I don't know your age but I cannot recommend strongly enough to save, save, save. Also, take advantage of any program your company offers that matches funds, or offers discounted stock, etc. If I had half the money I blew when I was young and had invested it...I would be a rich, rich man.


Did have fun though...
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john.boy
post 1.Jul.2018, 09:08 PM
Post #13
Location: Stockholm county
Joined: 27.Sep.2017

Remember that pensions are taxable income. The best option right now, if you are a high income earner, is to aim to keep the final monthly pension below the State income tax level, place other monies into regular savings to build up funds there, if you place funds above the tax deduction level (reduced by the government) then remember it is taxed twice, once at payroll time and again when paid as pension. This is why it is better right now to just place into regular savings.

Better still, at pension age move to Portugal so you don't get taxed as heavily on your Swedish sourced pension rolleyes.gif
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Bsmith
post 2.Jul.2018, 11:39 AM
Post #14
Joined: 25.Jun.2009

The problem is that no one knows what the future holds and how the rules might change in the intervening time. Better to have too much money than not enough.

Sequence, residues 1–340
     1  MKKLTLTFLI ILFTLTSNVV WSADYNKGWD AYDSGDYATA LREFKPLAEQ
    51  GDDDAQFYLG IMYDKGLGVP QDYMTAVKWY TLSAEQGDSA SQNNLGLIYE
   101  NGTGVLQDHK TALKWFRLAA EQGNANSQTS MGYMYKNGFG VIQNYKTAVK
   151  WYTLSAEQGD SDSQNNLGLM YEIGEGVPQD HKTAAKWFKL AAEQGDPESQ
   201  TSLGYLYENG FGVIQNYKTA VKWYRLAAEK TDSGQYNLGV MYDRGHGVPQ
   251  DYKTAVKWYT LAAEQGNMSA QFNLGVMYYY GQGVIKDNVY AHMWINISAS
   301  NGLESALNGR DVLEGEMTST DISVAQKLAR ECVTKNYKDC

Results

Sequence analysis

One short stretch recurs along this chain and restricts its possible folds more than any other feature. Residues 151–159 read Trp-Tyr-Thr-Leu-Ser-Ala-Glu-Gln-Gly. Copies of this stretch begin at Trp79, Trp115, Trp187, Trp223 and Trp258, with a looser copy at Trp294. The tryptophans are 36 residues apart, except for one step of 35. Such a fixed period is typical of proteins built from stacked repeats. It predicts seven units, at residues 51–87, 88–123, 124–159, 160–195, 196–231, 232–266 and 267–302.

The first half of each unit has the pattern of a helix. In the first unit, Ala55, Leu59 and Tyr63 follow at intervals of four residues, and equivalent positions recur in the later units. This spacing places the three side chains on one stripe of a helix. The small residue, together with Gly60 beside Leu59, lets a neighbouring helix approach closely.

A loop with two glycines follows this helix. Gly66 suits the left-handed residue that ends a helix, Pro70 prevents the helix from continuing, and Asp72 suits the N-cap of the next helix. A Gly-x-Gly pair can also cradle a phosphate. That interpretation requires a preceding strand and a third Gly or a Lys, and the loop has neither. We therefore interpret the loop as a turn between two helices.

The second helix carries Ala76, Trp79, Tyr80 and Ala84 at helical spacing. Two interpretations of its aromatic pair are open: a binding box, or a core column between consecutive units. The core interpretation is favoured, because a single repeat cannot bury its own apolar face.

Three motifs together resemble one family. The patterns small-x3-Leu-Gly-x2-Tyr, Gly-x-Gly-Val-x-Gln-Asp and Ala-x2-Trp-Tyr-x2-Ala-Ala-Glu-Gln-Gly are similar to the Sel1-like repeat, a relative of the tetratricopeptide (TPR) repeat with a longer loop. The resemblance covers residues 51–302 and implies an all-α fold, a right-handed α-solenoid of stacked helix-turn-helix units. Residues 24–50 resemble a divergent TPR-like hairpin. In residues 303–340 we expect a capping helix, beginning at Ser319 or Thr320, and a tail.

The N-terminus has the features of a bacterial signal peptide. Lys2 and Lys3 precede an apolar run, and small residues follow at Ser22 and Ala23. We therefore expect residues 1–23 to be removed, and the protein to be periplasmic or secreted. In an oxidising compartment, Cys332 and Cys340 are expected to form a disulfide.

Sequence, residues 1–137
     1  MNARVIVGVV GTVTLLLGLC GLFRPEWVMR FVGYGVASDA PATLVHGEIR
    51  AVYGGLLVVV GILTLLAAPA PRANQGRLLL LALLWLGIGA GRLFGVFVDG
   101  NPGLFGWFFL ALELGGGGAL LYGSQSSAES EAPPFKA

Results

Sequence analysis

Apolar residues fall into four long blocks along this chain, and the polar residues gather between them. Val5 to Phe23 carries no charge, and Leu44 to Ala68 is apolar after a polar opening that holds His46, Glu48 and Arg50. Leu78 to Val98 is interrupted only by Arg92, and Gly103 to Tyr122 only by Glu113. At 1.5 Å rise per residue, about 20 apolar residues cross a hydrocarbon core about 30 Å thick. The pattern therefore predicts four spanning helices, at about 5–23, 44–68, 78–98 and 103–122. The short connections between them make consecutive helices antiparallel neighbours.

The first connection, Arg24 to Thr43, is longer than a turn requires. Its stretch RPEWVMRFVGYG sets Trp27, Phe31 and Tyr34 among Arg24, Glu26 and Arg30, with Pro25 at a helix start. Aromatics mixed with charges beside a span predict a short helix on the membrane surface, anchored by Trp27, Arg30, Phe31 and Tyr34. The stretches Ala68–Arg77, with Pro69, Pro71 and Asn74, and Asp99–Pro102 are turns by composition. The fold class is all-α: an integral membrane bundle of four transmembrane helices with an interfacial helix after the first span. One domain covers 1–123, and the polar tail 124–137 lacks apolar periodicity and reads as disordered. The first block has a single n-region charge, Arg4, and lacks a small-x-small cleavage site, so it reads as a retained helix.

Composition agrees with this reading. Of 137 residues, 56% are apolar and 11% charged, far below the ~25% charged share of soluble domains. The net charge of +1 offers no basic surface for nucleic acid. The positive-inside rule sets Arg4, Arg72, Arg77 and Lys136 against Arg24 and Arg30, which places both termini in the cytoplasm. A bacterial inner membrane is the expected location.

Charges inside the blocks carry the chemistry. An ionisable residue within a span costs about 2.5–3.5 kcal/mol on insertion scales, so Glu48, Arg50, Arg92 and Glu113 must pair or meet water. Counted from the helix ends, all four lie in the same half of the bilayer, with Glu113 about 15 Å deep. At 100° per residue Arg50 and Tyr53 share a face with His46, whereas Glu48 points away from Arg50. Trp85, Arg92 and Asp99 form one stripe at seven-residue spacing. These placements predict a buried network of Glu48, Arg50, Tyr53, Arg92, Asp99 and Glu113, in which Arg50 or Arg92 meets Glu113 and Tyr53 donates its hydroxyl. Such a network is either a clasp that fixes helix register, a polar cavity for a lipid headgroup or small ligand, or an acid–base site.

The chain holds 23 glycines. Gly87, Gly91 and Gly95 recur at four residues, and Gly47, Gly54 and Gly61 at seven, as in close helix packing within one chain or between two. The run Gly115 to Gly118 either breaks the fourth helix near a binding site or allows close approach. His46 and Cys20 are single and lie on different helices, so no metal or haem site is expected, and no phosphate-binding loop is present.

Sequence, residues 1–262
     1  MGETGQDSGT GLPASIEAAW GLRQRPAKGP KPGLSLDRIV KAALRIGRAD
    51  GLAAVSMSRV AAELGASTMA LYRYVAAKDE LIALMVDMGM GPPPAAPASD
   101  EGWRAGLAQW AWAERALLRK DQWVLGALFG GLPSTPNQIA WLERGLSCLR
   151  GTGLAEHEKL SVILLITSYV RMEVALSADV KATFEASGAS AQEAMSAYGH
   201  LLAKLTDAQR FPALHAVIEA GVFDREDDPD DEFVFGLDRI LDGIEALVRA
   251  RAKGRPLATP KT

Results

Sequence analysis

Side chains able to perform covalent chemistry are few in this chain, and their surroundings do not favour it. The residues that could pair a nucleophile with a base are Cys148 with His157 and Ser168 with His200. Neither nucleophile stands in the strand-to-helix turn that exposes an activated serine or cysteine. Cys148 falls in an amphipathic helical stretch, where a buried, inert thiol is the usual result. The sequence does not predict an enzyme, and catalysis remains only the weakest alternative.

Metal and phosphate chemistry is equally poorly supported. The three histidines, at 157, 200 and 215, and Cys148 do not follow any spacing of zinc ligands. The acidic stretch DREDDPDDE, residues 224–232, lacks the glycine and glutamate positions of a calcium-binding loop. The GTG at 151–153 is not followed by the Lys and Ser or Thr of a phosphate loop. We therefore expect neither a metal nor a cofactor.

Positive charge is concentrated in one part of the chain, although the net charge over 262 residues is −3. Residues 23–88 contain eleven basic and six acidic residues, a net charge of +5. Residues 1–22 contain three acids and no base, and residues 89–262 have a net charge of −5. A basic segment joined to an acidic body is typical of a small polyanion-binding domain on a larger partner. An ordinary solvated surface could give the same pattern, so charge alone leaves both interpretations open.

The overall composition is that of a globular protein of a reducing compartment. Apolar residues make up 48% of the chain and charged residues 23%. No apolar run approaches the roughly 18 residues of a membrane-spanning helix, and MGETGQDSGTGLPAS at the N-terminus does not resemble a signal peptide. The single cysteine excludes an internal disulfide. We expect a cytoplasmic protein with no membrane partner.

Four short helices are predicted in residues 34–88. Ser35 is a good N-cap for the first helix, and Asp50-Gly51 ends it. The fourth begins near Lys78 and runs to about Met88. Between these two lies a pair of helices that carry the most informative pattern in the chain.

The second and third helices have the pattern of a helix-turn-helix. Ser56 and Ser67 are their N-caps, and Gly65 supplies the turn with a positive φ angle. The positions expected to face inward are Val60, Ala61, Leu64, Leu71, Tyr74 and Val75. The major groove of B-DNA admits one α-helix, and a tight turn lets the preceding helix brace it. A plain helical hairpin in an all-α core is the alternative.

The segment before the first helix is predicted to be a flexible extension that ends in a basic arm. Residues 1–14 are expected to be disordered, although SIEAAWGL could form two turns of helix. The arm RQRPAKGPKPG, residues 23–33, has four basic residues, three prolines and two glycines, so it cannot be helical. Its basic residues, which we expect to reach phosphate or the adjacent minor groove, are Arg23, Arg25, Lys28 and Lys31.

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Mib
post 2.Jul.2018, 11:51 AM
Post #15
Joined: 7.Jul.2006

It of course depends on your spending habits, but I think 20 million + would be the minimum, assuming you have no mortgage. Whatever your situation, I recommend (if possible) to save minimum 20% of your net income every month and invest those savings into index funds. Use the funds that have the lowest commission fees as research has shown that high commission fees can make a big dent in your investment. Also, they tend not to perform any better than the lower commission funds. As always DYOR smile.gif

One of the best investments you can make, is to be careful who you choose as a life partner. As separating/divorce is a big cost financially as well as emotionally. You should share a commonality in your attitude to money and sharing it with each other, if one earns more than another. I always recommend to keep separate accounts, as just psychologically, it can seem to be YOUR money to spend if you see just one account. You'll notice that when you save 20% each month, that it curtails your spending as you see less cash available after transferring it out to another account.

Finally, wherever possible, buy rather than rent. Over a lifetime, it's shown to more expensive to rent than buy. Plus if you're lucky, your property will be worth a lot more than you had anticipated.